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Who is responsible for policy on driving and vehicles in the UK?

Policy on driving and vehicles covers a diverse range of areas such as the motorway network, local road maintenance, vehicle standards, driving behaviour and traffic offences. Policy making in some, but not all, of these areas is devolved in Scotland, Northern Ireland and Wales.

UK Government policy on driving and vehicles is set by the Department for Transport (DfT) and delivered by several bodies such as the Driver and Vehicle Licensing Agency (DVLA), the Driver and Vehicle Standards Agency (DVSA), and the Vehicle Certification Agency (VCA).

Many domestic licensing and vehicle standards derive from international rules originally set by either the European Union or the United Nations Economic Commission for Europe (UNECE).

Policy on traffic offences and their enforcement is a shared competency between the DfT, the Home Office and the Ministry of Justice.

Vehicle bodies

  • The Driver and Vehicle Licensing Agency hold records on driving licences and vehicles and collect vehicle excise duty. They hold more than 49 million driver records and over 40 million vehicle records, and collect around £7 billion a year in vehicle excise duty.
  • The Driver and Vehicle Standards Agency carry out driving tests, approve people to be driving instructors and MOT testers, carry out tests to make sure lorries and buses are safe to drive, carry out roadside checks on drivers and vehicles, and monitor vehicle recalls.
  • The Vehicle Certification Agency test and certify new vehicles to ensure they comply with internationally recognised standards, in order to improve vehicle safety and environmental protection.
  • The Driver & Vehicle Agency (DVA) is responsible for both licensing and testing vehicles and drivers in Northern Ireland. Vehicle Excise Duty in Northern Ireland is collected by the DVLA for HM Treasury, like the rest of the UK.

Is the Government going to change the rules around how often vehicle MOT tests must be taken?

There has been no formal Government announcement over changes to how often vehicle MOT tests must be taken. In April 2022, there was press speculation that the Government was considering replacing the current yearly MOT test with a two-yearly test instead, as a measure to reduce financial burdens on vehicle owners.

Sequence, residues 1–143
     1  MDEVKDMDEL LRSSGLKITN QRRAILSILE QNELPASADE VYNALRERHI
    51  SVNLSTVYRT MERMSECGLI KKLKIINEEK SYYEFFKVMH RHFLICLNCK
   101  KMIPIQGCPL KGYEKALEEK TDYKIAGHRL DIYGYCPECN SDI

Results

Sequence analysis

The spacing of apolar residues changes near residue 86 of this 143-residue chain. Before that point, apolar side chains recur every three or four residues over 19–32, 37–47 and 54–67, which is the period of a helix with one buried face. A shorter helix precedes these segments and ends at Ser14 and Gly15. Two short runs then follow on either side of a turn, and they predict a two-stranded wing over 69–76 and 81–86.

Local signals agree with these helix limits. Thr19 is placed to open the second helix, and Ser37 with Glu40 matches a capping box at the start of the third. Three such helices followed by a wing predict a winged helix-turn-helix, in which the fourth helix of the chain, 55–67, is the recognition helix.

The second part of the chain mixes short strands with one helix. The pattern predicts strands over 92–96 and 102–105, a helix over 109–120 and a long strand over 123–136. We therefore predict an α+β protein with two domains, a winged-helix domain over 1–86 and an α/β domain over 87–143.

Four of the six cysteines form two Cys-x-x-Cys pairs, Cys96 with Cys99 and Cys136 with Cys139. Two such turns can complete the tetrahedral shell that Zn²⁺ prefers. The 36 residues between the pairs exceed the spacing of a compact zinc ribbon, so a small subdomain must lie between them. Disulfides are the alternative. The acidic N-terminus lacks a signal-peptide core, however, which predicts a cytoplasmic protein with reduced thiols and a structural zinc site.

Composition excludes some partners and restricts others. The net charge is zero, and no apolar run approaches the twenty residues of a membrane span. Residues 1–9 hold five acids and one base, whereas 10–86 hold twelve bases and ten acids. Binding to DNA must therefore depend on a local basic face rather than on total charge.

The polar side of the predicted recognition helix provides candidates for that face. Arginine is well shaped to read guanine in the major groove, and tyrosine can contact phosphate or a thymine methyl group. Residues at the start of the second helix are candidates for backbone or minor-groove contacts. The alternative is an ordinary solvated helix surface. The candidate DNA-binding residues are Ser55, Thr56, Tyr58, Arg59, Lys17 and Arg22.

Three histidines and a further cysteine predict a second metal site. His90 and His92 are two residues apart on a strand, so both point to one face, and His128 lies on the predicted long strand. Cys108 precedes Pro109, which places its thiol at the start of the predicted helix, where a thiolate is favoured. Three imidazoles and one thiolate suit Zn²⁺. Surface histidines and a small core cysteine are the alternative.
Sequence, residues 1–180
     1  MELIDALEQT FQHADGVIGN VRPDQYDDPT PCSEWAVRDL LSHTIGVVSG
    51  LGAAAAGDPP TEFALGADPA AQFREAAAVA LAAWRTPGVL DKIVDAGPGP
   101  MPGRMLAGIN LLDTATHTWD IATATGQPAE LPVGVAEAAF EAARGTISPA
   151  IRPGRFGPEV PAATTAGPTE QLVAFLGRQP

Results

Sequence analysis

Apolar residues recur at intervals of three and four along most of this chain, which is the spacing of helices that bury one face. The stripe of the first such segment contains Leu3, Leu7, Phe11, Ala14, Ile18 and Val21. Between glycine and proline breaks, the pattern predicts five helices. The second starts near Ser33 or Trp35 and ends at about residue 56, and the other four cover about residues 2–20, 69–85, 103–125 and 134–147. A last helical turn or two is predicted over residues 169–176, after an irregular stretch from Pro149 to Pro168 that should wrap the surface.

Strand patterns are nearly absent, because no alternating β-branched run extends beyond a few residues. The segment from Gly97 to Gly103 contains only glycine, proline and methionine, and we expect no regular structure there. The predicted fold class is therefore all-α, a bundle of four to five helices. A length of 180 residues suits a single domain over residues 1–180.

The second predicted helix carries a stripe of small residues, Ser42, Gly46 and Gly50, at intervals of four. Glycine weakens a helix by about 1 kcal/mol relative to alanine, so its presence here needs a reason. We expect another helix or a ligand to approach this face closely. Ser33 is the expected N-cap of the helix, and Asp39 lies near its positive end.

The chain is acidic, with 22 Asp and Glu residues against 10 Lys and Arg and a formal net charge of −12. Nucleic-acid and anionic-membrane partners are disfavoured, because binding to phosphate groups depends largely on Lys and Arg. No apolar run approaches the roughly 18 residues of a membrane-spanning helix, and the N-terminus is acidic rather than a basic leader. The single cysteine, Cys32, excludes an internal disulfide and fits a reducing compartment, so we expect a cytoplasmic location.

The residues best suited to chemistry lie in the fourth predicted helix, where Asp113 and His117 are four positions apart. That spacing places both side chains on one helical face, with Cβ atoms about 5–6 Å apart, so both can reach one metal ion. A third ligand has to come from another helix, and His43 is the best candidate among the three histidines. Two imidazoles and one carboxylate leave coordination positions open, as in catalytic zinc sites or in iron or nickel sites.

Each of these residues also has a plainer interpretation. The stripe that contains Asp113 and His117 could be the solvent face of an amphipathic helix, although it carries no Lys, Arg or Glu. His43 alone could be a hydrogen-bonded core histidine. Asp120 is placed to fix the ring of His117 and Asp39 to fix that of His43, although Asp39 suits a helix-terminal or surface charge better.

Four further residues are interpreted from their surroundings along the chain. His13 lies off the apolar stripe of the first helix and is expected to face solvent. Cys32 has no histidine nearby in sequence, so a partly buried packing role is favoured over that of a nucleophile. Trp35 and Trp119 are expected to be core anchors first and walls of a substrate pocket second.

In oral evidence to the Transport Committee on 27 April 2022, the Transport Secretary said that no decision had been taken, but the Government was reviewing different options.

Currently, every car that is more than 3 years old must have an up-to-date MOT certificate every year. The standard fee for cars is around £55 and £30 for motorbikes, plus the costs of any required repairs.

Is funding available to help me install a charge point at home or at work?

The UK Government has a range of schemes designed to increase the availability of charge points locally, including in people’s homes and workplaces:

There are other funding streams designed to support larger projects. This includes a £450 million Local EV Infrastructure Fund (LEVI Fund) designed to support “larger-scale chargepoint infrastructure projects, including local rapid hubs and larger on-street schemes” that are not covered by other grants and a Rapid Charging Fund, worth £950 million, designed to support charging points in service areas on motorways and major A-roads.

Further information is provided in Commons Library briefing paper on Electric vehicles and infrastructure.

Other topics addressed in this paper

This paper also answers FAQs on the following topics:

Responsibilities

Central, devolved and local government responsibilities for roads; the Strategic Road Network; speed limits; moving traffic offences.

Road use and maintenance

Funding for potholes; compensation for loss of business due to road works; restricting lorries from roads; street lighting.

Safety

Smart motorways; vehicle safety around schools; speed camera revenues; quad bikes and off-road bikes.

Air Quality and Climate Change

Clean Air Zones; engine idling; ban on petrol and diesel vehicles; electric vehicle (EV funding); EV chargepoint funding.

Vehicles

Intelligent Speed Adaptation (ISA); silent vehicles; noisy vehicles; dazzling headlights; potential changes to MOT rules.

Further reading

You may also be interested in the briefing paper on Road traffic offences and licensing FAQs. More resources are available on the Transport page of the Commons Library website.


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